Summary: They spent an awful lot of money on guards, yet injuries meant that Davin Joseph missed the entire year and Carl Nicks was limited to 455 snaps. The good news is both should be back next year, while they seem to have realized starting Jeremy Trueblood wasn’t a good idea. Demar Dotson played like a starter.
17. Baltimore Ravens (8)
PB – 23rd, RB – 10th, PEN – 24th
Stud: He’s the best right guard in football and his name is Marshall Yanda (+24.2). You can put him up against any player in the league and he’ll produce. One perennial Pro Bowler who earns his selection.
Dud: In his career with the Bengals Bobbie Williams (-9.6) never got his due for the elite play he put on tape. The likelihood is this was his last year in football, with him looking some way off the pace from what we’ve come to expect.
Summary: As they get ready for the Super Bowl the Ravens seem to have found their best combination, but during the regular season they flattered to deceive. The big problems came on the left side where no guard they got into the lineup did the job, and Michael Oher continued to look a little out of his depth on the blindside. Oh the irony.
16. Washington Redskins (27)
PB – 15th, RB – 19th, PEN – 9th
Stud: It was close, but Trent Williams (+19.7) had himself a heck of a year where he really became the player he was drafted to be. One of these guys that can contribute whatever play you’re running.
Dud: There’s no denying that Tyler Polumbus (-24.1) had some good days, but all too often he was the guy letting the line down. His performance in pass protection is something they’ll look to upgrade.
Summary: The line took a big step forward this year with Williams exceptional, Will Montgomery establishing himself as one of the better centers out there, and Chris Chester playing up to his contract. The rest of the line? Well, that’s why they’re not any higher.
15. Atlanta Falcons (17)
PB – 17th, RB – 17th, PEN – 1st
Stud: We’ve always liked Tyson Clabo (+21.3) as one of these tackles you don’t often notice. Unfortunately, while that means he’s doing his job (Charles Johnson games aside) in pass protection, it also speaks volumes for his inability to consistently impose in the run game.
Dud: There may be a day when Peter Konz (-12.7) is one of the better interior linemen in the league. However, in 2012 he was just a rookie who found out that the step up from college is steep.
Summary: Just good enough. That’s the Falcons’ offensive line, which allows its premium players in the passing game to operate. The downside is that without a truly dynamic back they were often exposed in the run game against more physical lines.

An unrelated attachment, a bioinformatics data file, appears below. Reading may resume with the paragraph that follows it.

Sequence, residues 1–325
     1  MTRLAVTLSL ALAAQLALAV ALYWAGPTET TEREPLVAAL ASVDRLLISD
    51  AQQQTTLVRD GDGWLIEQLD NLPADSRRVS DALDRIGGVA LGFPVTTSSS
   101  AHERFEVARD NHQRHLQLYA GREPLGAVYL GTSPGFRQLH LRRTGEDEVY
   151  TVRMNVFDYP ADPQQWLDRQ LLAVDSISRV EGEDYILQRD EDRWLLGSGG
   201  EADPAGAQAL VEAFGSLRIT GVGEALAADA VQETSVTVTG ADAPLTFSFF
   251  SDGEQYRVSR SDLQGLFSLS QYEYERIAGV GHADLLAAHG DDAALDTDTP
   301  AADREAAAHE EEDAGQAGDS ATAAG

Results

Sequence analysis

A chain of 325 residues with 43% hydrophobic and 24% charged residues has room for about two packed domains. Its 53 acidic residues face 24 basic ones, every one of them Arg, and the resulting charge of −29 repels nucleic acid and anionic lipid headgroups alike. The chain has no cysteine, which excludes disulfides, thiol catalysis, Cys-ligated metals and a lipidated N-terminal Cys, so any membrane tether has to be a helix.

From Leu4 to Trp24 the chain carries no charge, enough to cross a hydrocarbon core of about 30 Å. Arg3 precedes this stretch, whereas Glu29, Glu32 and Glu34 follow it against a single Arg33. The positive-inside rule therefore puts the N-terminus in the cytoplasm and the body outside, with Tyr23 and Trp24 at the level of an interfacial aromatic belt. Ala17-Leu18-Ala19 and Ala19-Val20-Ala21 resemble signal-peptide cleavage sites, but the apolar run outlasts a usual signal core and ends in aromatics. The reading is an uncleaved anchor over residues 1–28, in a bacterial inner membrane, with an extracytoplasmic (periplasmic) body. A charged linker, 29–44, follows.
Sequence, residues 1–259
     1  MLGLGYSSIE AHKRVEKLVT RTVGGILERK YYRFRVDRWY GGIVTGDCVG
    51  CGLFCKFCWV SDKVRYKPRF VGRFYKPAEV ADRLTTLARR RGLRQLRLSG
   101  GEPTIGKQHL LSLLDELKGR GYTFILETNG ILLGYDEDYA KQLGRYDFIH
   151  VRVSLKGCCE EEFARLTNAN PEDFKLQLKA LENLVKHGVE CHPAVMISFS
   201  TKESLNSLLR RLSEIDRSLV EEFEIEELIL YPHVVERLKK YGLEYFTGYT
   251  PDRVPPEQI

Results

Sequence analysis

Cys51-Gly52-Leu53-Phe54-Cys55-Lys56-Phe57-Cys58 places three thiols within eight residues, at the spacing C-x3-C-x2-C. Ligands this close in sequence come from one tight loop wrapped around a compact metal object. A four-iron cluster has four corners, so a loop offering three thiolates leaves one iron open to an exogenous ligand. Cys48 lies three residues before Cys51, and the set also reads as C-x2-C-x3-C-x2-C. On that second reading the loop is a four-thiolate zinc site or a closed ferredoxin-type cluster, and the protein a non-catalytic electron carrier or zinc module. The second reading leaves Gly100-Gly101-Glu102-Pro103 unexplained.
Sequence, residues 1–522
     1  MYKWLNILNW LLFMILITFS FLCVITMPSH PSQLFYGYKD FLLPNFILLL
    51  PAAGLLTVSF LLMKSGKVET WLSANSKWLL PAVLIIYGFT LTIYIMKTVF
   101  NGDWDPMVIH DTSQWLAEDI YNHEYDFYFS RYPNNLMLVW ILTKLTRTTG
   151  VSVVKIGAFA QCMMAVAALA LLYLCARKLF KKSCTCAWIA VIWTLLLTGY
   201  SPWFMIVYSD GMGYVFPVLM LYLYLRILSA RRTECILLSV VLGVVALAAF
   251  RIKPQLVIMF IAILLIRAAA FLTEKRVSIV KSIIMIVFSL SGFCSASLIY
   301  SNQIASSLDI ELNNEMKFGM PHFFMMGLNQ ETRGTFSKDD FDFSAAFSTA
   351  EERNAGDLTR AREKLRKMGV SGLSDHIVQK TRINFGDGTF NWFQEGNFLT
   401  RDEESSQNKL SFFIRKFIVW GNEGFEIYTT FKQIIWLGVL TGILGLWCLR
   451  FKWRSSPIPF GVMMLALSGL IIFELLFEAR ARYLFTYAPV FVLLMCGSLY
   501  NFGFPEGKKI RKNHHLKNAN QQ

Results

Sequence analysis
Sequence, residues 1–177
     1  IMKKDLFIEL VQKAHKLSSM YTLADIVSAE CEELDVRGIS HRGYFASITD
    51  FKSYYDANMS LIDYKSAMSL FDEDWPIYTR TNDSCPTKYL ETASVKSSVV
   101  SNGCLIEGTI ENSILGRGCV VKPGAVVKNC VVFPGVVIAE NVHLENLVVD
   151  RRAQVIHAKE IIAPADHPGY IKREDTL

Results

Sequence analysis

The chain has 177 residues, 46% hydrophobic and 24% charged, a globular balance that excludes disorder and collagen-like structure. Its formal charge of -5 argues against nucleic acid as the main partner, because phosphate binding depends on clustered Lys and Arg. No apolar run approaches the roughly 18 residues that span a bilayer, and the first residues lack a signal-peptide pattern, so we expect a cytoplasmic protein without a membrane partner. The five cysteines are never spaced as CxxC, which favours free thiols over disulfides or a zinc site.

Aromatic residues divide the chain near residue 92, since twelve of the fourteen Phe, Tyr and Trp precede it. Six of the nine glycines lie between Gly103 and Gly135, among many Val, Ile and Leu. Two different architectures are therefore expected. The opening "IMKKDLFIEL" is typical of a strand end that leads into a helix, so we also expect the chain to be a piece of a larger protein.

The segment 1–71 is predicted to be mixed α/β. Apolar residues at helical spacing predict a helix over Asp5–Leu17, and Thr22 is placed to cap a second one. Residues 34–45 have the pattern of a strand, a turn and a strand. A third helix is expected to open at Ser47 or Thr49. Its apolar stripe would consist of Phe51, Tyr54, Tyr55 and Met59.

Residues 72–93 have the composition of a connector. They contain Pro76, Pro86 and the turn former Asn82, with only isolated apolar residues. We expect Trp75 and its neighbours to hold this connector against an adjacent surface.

14. Tennessee Titans (6)
PB – 6th, RB – 18th, PEN – 22nd
Stud: Football is a funny old business. Michael Roos (+27.8) had his best season in a fair old while, yet nobody is talking about it. His work in pass protection is what makes him a top tackle.
Dud: Sometimes switching positions can really hurt a player, and so it proved with Leroy Harris (-7.2). He gave up 14 quarterback disruptions in 2011, yet a year later would give up 19 in half as many games.
Summary: If you were to describe the Titans’ line as a quarterback’s best friend, and a unit that had a rocky relationship with their running back you wouldn’t be far wrong. The investment in Steve Hutchinson was a bad one, though Fernando Velasco proved himself an upgrade at center. As ever though, the tackles personified this line. Excellent in pass protection and very ‘meh’ in the run game.
13. Buffalo Bills (4)
PB – 5th, RB – 21st, PEN – 26th
Stud: Although the star of the unit is Andy Levitre (+17.2), we can’t be the only ones that would like to see him do a little bit more in the run game.
Dud: The only player on the line to get a significant negative grade, Erik Pears (-7.3) ended his season on injured reserve watching Chris Hairston make a pretty convincing claim to his starting spot.
Summary: The line got more praise than they deserve for the ridiculousness of C.J. Spiller and his ability to make a lot out of very little. They did, however, hold up well in pass protection, providing one less excuse for the play of Ryan Fitzpatrick.
12. Kansas City Chiefs (16)
PB – 14th, RB – 9th, PEN – 15th
Stud: By his own admission, Eric Winston (+15.9) and the Chiefs fans didn’t exactly hit it off. While he wasn’t exactly perfect this year, he was the most balanced player they had on their line.